Lidingö is a posh island to the northeast of downtown Stockholm, known for expensive real estate, the world's biggest cross-country footrace, and not much more. An exception: The home of Sweden's greatest sculptor Carl Milles ("mill-less," not "mills," 1875–1955) and the open-air museum he left behind. Works of Milles can be found at 27 locations around town, for example Hötorget (the Orpheus fountain), outside the Museum of Medieval Stockholm ("The Sunsinger"), and Nacka Strand ("The Lord Placing New Stars on Heaven"). The real stash, however, is here at Millesgården, and includes replicas of Milles' works from his long and productive stint (1931–1950) as a professor in Michigan. These include his monumental and much-reproduced Hands of God sculpture.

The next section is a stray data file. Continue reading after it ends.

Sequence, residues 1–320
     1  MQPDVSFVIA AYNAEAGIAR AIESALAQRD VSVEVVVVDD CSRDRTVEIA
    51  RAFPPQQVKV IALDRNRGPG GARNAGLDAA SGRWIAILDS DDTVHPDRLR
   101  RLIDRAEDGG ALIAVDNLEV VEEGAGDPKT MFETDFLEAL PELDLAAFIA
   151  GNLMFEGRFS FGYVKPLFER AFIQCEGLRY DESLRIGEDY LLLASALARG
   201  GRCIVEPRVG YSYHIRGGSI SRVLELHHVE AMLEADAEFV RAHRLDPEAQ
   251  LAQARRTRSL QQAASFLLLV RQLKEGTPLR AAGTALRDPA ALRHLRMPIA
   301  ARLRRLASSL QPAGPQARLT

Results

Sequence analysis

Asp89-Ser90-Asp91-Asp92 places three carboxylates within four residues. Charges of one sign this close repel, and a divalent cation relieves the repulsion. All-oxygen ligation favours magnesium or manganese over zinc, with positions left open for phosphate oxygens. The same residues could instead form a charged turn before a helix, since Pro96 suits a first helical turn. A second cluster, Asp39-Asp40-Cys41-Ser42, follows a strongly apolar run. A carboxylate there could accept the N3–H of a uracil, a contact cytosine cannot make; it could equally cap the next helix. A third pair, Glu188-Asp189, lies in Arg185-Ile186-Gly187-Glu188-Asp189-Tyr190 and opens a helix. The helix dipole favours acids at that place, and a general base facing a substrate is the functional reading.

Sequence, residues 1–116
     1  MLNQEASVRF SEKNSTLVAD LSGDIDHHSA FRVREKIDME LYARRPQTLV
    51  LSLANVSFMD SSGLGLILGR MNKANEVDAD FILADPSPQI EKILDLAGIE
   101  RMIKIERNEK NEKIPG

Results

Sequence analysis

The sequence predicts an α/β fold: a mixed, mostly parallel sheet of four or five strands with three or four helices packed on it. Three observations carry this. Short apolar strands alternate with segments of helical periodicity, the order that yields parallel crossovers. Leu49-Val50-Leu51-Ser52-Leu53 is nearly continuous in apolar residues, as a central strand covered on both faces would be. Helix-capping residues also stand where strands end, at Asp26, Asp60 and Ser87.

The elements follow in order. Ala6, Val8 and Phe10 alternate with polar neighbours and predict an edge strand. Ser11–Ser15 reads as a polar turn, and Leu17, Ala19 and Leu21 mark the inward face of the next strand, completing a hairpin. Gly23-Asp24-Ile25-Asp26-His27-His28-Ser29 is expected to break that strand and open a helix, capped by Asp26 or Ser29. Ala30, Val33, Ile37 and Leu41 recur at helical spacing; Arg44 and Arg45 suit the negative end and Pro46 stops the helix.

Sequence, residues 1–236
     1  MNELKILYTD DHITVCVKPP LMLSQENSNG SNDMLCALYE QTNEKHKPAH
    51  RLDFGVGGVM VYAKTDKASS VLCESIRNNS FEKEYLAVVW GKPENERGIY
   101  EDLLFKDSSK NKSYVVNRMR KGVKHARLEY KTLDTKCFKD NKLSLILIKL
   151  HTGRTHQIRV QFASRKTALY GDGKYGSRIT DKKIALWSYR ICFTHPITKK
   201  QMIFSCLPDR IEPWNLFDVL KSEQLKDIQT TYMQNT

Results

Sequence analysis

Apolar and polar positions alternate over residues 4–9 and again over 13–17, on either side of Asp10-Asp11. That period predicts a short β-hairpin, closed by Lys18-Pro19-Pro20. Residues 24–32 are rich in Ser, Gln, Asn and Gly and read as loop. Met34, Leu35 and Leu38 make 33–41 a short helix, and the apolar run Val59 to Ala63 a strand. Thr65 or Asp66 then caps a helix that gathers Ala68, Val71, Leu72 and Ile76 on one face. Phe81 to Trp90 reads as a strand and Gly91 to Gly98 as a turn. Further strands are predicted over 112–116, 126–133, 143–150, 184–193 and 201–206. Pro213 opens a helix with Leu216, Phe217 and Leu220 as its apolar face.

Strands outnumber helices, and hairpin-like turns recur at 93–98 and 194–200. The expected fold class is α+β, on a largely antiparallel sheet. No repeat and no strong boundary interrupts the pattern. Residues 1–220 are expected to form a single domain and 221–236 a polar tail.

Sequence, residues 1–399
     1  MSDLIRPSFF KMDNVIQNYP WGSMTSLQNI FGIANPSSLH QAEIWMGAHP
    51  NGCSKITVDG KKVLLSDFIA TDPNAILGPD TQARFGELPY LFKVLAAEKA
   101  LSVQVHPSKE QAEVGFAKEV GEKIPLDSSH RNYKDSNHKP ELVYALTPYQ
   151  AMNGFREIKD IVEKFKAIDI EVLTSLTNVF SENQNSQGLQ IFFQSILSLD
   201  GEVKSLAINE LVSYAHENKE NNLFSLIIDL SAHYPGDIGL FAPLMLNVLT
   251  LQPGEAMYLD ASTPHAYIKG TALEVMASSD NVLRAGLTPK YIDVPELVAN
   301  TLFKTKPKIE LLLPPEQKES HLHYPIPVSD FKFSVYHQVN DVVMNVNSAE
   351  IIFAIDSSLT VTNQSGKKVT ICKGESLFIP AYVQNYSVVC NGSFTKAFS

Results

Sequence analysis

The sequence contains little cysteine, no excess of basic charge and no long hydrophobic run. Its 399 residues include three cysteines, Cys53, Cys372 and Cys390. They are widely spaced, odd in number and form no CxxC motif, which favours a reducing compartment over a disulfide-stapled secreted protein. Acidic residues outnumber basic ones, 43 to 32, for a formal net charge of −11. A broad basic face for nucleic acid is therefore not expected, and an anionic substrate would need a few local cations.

In Milles' early works, you can see how much he was influenced by the French sculptor Rodin, and also by the Art Nouveau movement. His more mature works have an austerity to them that is both expressive and dramatic. The villa also displays his person collection of art from other leading sculptors, and a collection works spanning the ages from ancient Greece to Renaissance Italy. Consider the awe-inspiring views across the water a bonus.